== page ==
Stone Poems: Architecture and the Land, a photography exhibit exploring the relationships between land and architecture, will open on March 14 at the Temple Buell Hall Architecture Gallery. Created by architect and University professor James Warfield, who was named 2002 ACSA Distinguished Professor of Architecture, the exhibit opened last spring at Ispace in Chicago.

Warfield sought out the pictures he used in a personal quest: “I consider myself a collector of experiences and visual images. This means going to where the images are,” he states. And he hasn’t stopped: currently he is in the middle of California’s Baja Desert, no phone lines nearby until March 2 when he’ll travel to Mexico.

Stone Poems displays 40 black and white images from a field research collection of 150,000. Warfield took the pictures from around the world starting in 1963.

“I enjoy the visual!” Warfield proclaims simply and foremost in an explanation of his photography.

As this statement and the numbers suggest, the result-the exhibit-is a striking tour of architecture celebrating art that forms when culture and nature are thrown together by necessity (houses on an Italian hillside)-or vanity and religion (the pyramids of Giza, Egypt). And from a man who has documented living environments of indigenous peoples from Bolivia to Africa to Tibet and beyond, trust these pictures to offer the extreme in cultural, historical, and natural significance.

The exhibit’s noblest goal seems to be creating connectivity between the distinctive images. Boasting pictures of “Lost City of the Incas, Machu Picchu, Peru” and still “Prairie Farmstead, Illinois, USA,” Stone Poems relies on a belief that “from the inevitable act of destroying nature, nearly every culture develops artists and poets and architects who seek to build on the land and re-establish a harmony with nature.”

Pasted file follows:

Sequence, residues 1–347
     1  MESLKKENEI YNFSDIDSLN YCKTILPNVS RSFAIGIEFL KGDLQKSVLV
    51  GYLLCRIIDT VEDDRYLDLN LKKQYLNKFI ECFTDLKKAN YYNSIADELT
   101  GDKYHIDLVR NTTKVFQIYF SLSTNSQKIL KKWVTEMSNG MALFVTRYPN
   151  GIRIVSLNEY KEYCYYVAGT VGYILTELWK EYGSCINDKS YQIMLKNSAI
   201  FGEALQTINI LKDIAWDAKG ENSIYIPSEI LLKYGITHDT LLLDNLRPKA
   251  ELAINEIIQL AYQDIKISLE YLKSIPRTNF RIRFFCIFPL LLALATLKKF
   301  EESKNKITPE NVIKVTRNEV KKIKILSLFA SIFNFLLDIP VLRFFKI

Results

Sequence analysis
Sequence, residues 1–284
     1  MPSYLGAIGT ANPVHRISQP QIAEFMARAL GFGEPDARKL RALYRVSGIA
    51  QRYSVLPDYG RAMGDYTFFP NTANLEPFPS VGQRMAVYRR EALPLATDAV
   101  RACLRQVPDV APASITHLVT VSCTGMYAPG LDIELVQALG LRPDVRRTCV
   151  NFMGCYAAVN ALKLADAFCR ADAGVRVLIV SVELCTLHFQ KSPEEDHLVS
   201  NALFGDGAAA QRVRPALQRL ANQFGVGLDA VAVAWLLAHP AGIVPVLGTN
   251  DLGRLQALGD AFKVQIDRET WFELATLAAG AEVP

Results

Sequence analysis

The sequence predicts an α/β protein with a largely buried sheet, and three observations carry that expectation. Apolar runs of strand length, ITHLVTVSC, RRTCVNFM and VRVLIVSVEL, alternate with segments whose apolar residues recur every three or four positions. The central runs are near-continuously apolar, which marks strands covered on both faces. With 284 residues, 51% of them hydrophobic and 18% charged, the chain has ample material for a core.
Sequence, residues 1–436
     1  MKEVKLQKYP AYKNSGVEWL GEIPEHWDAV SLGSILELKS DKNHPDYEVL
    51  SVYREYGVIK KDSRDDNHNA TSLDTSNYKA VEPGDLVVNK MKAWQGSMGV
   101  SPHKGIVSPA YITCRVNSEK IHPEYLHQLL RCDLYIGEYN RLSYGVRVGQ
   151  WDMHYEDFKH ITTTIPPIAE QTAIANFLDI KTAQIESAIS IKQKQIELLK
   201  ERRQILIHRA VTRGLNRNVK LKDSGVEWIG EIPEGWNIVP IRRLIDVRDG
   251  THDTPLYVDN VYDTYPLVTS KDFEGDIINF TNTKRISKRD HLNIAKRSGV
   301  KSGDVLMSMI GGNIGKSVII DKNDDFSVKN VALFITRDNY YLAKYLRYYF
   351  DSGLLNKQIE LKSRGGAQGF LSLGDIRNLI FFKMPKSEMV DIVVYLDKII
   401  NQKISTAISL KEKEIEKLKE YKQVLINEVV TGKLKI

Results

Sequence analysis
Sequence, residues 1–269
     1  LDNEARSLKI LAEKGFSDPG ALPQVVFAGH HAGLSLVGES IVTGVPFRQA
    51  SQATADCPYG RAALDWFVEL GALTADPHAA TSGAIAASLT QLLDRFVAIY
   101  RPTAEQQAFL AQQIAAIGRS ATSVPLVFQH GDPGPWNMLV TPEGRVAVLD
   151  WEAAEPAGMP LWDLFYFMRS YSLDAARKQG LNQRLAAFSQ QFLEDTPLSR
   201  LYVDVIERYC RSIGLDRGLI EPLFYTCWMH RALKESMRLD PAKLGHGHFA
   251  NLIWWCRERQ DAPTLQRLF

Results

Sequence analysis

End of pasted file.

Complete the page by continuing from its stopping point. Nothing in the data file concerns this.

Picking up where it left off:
The exhibit has a theoretical point and seeks to challenge “process and product” from today’s design professionals, but Warfield’s sheer enthusiasm and joy in the “visual” ultimately seem to steer the project.

“I cannot deny the passion that I have for the specific images I select to share,” he says. These must be chosen carefully because just finding out about architectural feats takes some searching. While Warfield relies on books like Paul Oliver’s Dwellings, he doesn’t scoff at the helpfulness of an ordinary Frommer’s travel guide book or an issue of National Geographic. The most surprising source this University professor uses?

“I stay late in the theaters for credits to see where glorious movies are filmed,” Warfield writes.

Stone Poems, inspired by a passion for studying forms of architecture and its reciprocal relationship with nature, still cannot escape the practical aspects of its particular art-that of photography, of specific film and cameras, lighting and most importantly for the exhibit, the process of developing.

Warfield doesn’t pretend that he can escape from or ignore the issue of money either. The cost of film, in younger years, kept Warfield from shooting the full potential of a site. But grown wiser, he writes with the conviction of his experience and a hint of advice: “I shoot with abandon… A shot not taken can never be recouped.”

Warfield writes that he has trusted a Canon EOS 35mm since 1988, and “it has been my delight to ignore lighting conditions and shoot regardless of rain or clouds or fog,” which must present more problems shooting the “Stone House Ruins, Kilkenny, Ireland” than the “Mayan Temple of the Sun, Palenque,Chiapas, Mexico.”

“In Stone Poems, my intentions in the printed exhibit have been best served by converting the color originals to black and white. My goal has been to explore the integral relationship achieved between architecture and nature, where I have found that texture is important, color a distraction,” Warfield writes.

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